“Though I thought I had toiled in vain,
and for nothing, uselessly, spent my strength,
yet my reward is with the LORD,
my recompense is with my God.” -Isaiah 49:4
“You should pray for the grace to not see the fruits of your ministry.”
Wait…what? Did I hear that correctly? Also, ouch?
I remember hearing this talk at a youth ministry convention at the end of a whirlwind of the first year on the job. And yes, the speaker chose his words correctly.
In so many things we do in life, ministry or otherwise, we either aren’t seen or don’t see the fruits of our labors for a long time…or ever. We can toil and toil and feel like we’re working in vain. “Does this even matter?” we wonder, “What’s the point if I keep trying but can’t get through to this person?” Maybe it’s an unpleasant co-worker that you try to show compassion to, a friend who needs forgiving, or you feel like you’re giving and giving but no one ever says thank you. We can go on feeling like we’re unnoticed, unappreciated, and as if the ways we’re trying to love like Jesus don’t sink in.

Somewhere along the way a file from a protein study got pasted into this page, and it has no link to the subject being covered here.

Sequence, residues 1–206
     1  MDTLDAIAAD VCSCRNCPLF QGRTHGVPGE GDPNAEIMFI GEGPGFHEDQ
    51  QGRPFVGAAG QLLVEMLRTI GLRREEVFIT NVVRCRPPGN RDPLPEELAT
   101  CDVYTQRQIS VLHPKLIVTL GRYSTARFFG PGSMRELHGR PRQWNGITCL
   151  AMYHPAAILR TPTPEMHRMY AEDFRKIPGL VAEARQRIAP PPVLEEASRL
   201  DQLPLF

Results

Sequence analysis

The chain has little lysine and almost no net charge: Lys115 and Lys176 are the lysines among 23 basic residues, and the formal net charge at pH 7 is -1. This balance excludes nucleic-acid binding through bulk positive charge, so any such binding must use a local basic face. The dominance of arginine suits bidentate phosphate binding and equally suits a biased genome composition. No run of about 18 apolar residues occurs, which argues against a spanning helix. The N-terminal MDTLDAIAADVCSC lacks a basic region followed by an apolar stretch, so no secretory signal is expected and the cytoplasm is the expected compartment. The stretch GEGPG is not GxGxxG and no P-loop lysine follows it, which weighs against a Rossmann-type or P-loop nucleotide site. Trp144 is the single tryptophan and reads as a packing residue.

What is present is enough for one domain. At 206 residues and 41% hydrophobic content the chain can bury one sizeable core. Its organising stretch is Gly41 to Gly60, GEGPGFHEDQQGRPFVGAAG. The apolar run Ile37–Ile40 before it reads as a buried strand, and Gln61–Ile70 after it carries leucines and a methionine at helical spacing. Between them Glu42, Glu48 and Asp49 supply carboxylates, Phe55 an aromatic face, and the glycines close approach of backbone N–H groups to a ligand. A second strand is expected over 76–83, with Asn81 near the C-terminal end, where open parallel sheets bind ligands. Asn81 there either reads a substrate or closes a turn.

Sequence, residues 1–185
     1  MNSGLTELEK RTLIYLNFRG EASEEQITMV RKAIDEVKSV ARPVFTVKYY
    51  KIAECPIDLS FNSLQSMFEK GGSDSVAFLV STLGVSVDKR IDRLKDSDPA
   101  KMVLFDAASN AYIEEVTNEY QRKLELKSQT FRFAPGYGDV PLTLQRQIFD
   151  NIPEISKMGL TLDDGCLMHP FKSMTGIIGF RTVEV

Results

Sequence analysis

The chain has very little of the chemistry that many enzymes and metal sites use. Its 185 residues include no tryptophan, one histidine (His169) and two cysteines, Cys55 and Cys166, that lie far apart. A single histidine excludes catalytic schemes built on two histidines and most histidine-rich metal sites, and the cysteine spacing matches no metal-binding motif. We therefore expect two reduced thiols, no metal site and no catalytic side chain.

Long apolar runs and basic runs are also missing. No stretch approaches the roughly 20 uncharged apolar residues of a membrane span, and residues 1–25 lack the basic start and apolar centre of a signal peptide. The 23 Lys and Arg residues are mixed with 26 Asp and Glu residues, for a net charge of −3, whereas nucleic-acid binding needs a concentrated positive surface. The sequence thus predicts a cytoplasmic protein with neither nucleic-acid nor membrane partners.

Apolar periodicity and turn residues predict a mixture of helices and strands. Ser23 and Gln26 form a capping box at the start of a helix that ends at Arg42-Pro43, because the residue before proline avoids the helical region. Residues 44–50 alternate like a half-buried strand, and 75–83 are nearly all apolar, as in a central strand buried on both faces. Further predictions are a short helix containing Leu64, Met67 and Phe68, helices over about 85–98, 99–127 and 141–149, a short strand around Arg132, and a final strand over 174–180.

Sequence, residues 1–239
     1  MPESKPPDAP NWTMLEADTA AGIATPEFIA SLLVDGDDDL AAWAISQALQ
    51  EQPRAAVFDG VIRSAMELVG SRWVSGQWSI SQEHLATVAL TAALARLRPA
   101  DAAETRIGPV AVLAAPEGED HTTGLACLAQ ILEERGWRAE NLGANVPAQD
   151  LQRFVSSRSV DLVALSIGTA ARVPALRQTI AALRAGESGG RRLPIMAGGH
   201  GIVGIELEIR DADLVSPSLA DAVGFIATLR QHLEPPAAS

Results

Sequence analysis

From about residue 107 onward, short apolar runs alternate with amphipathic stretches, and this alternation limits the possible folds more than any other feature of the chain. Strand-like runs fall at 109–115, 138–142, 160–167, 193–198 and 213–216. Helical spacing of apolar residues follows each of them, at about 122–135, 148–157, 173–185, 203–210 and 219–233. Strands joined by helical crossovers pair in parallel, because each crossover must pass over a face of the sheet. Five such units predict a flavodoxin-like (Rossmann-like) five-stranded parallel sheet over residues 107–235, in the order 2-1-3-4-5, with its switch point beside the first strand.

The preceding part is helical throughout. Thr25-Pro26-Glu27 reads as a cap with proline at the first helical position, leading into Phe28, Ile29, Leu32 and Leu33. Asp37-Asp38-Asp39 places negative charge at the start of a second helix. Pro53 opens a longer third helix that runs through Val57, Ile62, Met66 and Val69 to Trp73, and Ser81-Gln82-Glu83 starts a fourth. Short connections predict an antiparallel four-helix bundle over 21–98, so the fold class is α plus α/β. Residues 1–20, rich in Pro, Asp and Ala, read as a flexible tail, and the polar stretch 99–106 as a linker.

But at the end of the day, is that really what it’s about? It’s a hard question, I know. Now more than ever, we are aching to be seen, known, and loved—and we can fall into the temptation to pridefully seek this approval from anyone and anything but God. The lies lurk beneath the surface, just waiting to tell us that we’re not good enough—when we check to see who looked at our Insta Story, when we get frustrated that we didn’t get a “thank you” at work, when we feel forgotten and misunderstood.
But again, it’s not about that. God sees you, always—He can’t take His eyes off you. God knows you, better than you know yourself. God loves you, through and through.
Today is the Feast of the Nativity of St. John the Baptist. St. John the Baptist had the great calling of preparing the way for the Lord, for helping people’s hearts to be ready for Jesus’ public ministry. He toiled and toiled for the Lord, knowing that his cousin was about to change everything. However, John the Baptist was murdered at the very beginning of Jesus’ public ministry. He didn’t get to see all the fruits of his labors while on earth. He didn’t get to live to be one of the people greeting the resurrected Jesus at the tomb. But John knew that it wasn’t about that. He was a fantastic model of humility, saying, “He must increase; I must decrease” (John 3:30).
So maybe we won’t see the fruits of our labors. But take heart, brothers and sisters, we do not toil in vain. The Lord sees, and we can never go wrong by loving like Him. Let’s adopt the words of St. John the Baptist today and pray, “More of You, Lord, and so much less of me.”